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Assessing patients for intermittent self-catheterisation

Study looked at types of catheter available for intermittent use

Study looks at types of catheter available for intermittent use

For patients experiencing incomplete bladder emptying, intermittent self-catheterisation (ISC) is a relatively easy procedure and, for most, it will be more acceptable than a long-term catheter. It is now regarded as the gold standard for urine drainage.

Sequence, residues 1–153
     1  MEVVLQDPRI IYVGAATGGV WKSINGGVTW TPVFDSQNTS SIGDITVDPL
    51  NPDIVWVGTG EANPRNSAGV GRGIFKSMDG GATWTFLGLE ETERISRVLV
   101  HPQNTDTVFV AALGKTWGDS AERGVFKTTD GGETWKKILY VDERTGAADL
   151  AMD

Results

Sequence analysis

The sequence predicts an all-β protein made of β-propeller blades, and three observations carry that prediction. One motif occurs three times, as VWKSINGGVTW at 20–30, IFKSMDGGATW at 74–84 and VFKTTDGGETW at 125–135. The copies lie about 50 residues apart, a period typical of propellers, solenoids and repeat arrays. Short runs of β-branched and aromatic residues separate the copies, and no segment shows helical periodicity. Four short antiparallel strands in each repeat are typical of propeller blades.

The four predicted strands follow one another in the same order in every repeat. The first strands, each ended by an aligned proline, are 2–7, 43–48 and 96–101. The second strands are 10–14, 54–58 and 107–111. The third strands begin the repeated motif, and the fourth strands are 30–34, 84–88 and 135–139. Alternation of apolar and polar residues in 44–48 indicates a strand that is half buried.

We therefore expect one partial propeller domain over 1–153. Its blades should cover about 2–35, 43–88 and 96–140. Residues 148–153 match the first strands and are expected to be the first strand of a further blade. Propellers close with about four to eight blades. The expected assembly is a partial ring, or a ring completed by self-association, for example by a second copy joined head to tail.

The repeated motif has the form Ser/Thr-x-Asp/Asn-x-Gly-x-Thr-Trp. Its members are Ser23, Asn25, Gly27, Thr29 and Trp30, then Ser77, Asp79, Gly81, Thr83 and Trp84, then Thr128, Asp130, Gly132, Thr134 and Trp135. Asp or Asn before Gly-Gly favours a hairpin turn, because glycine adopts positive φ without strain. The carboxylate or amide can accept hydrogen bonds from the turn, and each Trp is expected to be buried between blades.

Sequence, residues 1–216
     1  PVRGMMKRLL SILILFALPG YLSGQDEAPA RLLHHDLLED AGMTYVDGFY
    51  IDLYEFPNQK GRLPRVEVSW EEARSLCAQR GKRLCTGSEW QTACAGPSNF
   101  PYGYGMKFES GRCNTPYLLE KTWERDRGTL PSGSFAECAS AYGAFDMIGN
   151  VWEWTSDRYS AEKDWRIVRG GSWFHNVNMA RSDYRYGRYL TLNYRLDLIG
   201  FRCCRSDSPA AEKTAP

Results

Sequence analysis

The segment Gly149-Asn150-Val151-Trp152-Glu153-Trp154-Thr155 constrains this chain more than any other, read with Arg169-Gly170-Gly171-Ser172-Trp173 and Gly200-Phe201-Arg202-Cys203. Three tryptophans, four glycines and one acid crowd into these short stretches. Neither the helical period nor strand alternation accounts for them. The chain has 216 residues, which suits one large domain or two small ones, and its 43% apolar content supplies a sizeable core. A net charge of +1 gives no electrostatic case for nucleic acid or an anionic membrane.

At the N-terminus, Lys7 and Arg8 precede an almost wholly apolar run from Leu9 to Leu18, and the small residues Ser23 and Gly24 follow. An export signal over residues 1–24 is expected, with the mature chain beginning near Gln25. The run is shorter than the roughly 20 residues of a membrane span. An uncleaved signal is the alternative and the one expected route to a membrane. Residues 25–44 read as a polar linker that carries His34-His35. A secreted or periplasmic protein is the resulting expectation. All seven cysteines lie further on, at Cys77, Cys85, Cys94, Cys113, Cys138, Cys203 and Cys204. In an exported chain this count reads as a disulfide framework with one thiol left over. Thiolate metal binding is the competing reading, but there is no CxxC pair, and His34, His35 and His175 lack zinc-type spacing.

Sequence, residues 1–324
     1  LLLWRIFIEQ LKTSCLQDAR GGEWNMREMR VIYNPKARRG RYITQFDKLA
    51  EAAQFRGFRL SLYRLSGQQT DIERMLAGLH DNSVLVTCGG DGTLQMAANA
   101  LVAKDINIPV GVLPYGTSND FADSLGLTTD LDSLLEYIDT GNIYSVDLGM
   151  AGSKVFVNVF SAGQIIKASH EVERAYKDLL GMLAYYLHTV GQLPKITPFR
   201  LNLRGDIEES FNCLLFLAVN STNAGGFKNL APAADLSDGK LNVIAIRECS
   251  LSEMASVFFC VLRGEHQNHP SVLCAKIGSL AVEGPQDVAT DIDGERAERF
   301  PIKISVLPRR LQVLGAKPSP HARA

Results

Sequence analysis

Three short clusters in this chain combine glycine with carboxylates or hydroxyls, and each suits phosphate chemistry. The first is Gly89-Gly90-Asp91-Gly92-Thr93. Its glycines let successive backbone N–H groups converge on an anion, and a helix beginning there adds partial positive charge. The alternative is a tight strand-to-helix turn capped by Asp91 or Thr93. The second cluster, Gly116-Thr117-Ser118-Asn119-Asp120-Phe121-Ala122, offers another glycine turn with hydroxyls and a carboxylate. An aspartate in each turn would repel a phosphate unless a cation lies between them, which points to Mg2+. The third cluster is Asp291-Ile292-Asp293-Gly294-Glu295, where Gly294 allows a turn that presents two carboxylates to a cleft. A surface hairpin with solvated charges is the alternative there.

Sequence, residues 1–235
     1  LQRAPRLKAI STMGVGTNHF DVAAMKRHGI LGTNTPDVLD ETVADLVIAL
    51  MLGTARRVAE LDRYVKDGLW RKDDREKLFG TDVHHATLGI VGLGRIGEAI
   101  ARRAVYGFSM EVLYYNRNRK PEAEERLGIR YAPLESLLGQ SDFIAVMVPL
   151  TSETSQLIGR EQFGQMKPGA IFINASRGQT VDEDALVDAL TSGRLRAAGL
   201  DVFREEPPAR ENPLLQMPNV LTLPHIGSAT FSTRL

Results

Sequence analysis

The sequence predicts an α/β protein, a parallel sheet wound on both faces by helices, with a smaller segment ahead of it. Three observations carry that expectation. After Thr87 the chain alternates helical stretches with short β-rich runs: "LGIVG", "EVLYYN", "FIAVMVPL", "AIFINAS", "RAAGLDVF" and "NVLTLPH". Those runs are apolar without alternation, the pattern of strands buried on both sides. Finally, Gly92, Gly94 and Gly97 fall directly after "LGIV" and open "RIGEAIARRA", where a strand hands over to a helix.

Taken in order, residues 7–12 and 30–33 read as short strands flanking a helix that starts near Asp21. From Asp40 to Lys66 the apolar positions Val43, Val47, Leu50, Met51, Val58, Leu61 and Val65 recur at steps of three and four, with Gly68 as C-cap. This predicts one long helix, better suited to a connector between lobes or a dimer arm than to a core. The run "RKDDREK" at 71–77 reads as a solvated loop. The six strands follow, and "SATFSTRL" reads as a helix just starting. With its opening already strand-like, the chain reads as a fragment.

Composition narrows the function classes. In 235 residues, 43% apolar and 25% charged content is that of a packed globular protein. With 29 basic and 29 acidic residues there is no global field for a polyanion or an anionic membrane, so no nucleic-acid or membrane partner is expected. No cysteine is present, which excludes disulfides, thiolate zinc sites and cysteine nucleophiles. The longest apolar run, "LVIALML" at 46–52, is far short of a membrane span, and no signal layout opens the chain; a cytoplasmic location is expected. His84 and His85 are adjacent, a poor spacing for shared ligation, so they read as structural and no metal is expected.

If ISC is needed, patients will use a nelaton device. This is the collective term for a catheter that, unlike the Foley catheter, has no balloon to hold it in place. There is a range of catheters to choose from.

Hydrophilic catheters have a dehydrated coating that needs to be soaked for 30 seconds before use. They usually come packaged with a sachet of sterile water that activates the coating when pressed.

Pre-lubricated catheters come coated in gel and are ready to use. Both


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